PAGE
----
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NCFM Member Mariposa County Rancher Jerry Cox Receives Favorable Decision in his Federal Lawsuit, Judge Denies False Accuser Ashley Harris Motion to Dismiss then Rules that the Case in Major Parts can Move Forward.

September 29, 2022
By

Ashley Harris with dog

by NCFM

On September 13, 2022, the United States District Court for the Eastern District of California issued an Order, denying defendant and false accuser Ashley Harris’ Motion to Dismiss.

Ashley Harris

This cleared the path for Cox’s federal lawsuit to go forward to discovery and deposition. Click on the link below to fora copy of the 34-page decision. It’s well worth the read. A good summary of the opinion on page 31 is below. https://law.justia.com/cases/federal/district-courts/california/caedce/1:2019cv01105/359556/166

Jerry Cox

In short, the federal court protected Mr. Cox’s due process, equal protection, and other constitutional claims against Harris, when both the state court and appellate court would not.

Jerry Cox suffers everyday thanks to the trickery of those involved in framing him for crimes not committed. He lost his home, ranch, livestock, equipment, reputation, livelihood and all his savings.

Mariposa officials, employees and others who participated in this horrific scheme have cost the County hundreds of thousands of dollars in tax-payer funded legal fees, which could have been otherwise used for public services, public works, parks and recreation, schools, health and welfare, and fire prevention. It appears this arrogant provincial cabal may also cost the County tens of millions if Mr. Cox wins his lawsuit.

District 3 County Supervisor Marshall Long seems to have taken pleasure in Mr. Cox’s suffering. In this photo of Supervisor Long and the text message he sent to Mr. Cox after Mr. Cox was ordered off his 400-acre ranch, Long said, “… How’s that homelessness working for you?”

Jerry Cox

Aside from Supervisor Longs’ mean spirited, haughty and wholly disrespectful comment about Mr. Cox becoming homeless, it appears Supervisor Long may have profited directly from the framing of Mr. Cox.

Mr. Cox sat in jail for two weeks on trumped up felony charges before he could post bail. He paid $50,000 nonrefundable for a $500,000 bail bond. According to several forms filed with the California Fair Political Practices Commission and at least one Sierra Sun Times newspaper article, in which it says, “On September 20, 2015, Mariposa District 3 Supervisor, Marshal Long and his wife, Robin Tarvin Long, owner of Robin’s Bail Bonds, donated funds to the Mariposa County Student Loan Association”, which shows that Supervisor Long was an owner, had some interest in, or was otherwise associated with the bonding company.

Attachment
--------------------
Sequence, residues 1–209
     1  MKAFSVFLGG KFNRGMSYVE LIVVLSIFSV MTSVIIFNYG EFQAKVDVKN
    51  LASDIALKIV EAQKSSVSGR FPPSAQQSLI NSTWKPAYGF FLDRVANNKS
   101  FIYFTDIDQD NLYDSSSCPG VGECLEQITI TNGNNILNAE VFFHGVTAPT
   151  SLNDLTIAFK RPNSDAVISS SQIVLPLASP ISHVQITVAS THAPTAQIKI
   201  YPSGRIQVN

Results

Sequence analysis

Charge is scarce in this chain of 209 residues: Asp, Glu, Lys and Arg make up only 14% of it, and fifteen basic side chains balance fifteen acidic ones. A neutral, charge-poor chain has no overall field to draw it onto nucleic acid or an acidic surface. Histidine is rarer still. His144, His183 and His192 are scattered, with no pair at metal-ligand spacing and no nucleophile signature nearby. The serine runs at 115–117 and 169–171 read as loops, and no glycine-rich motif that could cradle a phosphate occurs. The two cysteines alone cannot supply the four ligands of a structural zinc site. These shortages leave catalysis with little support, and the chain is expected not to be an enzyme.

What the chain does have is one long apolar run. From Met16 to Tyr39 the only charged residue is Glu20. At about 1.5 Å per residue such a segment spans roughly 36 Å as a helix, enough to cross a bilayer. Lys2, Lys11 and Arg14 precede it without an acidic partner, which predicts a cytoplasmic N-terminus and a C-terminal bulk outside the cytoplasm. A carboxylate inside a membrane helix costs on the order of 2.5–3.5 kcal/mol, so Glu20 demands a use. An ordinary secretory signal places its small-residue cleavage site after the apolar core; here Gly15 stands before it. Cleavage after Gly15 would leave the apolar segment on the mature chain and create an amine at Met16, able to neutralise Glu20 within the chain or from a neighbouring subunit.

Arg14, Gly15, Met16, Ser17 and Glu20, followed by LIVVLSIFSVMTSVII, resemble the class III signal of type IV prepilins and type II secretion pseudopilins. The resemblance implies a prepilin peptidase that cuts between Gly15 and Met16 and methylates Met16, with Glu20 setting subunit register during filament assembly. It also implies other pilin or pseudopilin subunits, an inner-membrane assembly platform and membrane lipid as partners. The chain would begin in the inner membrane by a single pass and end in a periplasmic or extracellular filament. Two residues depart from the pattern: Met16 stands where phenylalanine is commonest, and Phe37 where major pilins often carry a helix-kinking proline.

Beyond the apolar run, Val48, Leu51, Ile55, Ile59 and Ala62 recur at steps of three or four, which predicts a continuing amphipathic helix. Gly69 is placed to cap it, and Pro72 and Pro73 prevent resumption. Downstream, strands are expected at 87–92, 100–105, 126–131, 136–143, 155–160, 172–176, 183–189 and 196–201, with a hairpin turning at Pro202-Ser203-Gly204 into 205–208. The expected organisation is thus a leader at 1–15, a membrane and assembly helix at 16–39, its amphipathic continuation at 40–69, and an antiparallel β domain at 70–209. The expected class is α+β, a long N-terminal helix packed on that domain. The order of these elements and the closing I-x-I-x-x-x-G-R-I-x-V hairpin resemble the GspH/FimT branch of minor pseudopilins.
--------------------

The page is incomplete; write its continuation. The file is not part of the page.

Here is a link to a 1 ½ minute video of Mr. Long describing the case of Mr. Cox where he tries to re-assure the public that the county will be fine, even though the County is being sued for $150,000,000: https://www.facebook.com/watch/?v=423038314986471&extid=CL-UNK-UNK-UNK-AN_GK0T-GK1C&ref=sharing

In the video, Supervisor Long invited the public to look at the public records. If you are a Mariposa County resident perhaps you should contact him and take him up on his offer. Supervisor Long’s phone number is (209) 966-3222. You can send him an email at  mlong@mariposacounty.org.

However, first, read the court decision linked above, which exposes the extensive maladministration of those records, including the highly questionable if not unlawful use of government and judicial processes, procedures, laws, rules and regulations.

Please note, from that reading alone, it appears impossible one person manipulated it all to create the appearance of correctness. There had to be meetings, planning sessions and various private conversations amongst those involved – something like, The Get Jerry Cabal. All and individually for various reasons, intent on destroying Mr. Cox.

Mariposa County officials and employees involved in framing Mr. Cox need to be criminally charged and prosecuted. They belong in prison, not on the County payroll.

Included below are two articles written by Greg Little, Editor of the Mariposa Gazette, which offer an excellent overview of the case and machinations of some of officials involved. “Cox wins round in federal court” September 22, 2022, and “Federal judge says Cox case can go forward” September 29, 2022.

Cox wins round in federal court

September 22, 2022

By GREG LITTLE Editor

A senior federal judge in Fresno has ruled in favor of local resident Jerry Cox in one aspect of a lawsuit and said another ruling is coming soon.

In the scathing decision handed down by Senior District Judge Anthony W. Ishi of the United States District Court Eastern District of California, the judge ruled a request by a woman who accused local resident Jerry Cox of rape will have to answer to the court.

Cox, whose cases have dragged on for years, is suing Mariposa County as well as Ashley Harris, the woman who falsely accused him of rape and other sex-related crimes; charges that were abruptly dismissed — another issue raised by the federal judge in. the ruling.

No dollar amount was named in the suit by Cox, but speculation is it could be in the millions of dollars — which would be footed by taxpayers in Mariposa County.

Harris was asking the court to drop her part of the case but Ishi had none of it and said she would be part of the court proceedings involving Cox and Mariposa County, including the sheriff’s office.

The tangled legal web for Cox is seemingly a little clearer after the ruling with another ruling from Ishi concerning Mariposa County expected to come in the near future.

The lawsuit actually involves two cases against Cox, one based on Harris’ false claims of rape and the other involving a receivership action taken against Cox by the county — one that eventually led to him losing his vast Bison Creek Ranch located on CYA Road in Mt. Bullion near the airport.

Though the county has maintained from the start the cases are not related, the judge intertwined both of them in his ruling, which was dated Sept. 13.

Trying to unpack all of the issues involved in the cases is a major task and could be one of the reasons the judge said Harris must remain as part of the case.

Harris was asking the court to dismiss the complaint against her but the judge denied that request. In doing so, the judge issued a 34-page opinion on the case, which included more detailed information than has been released in the past.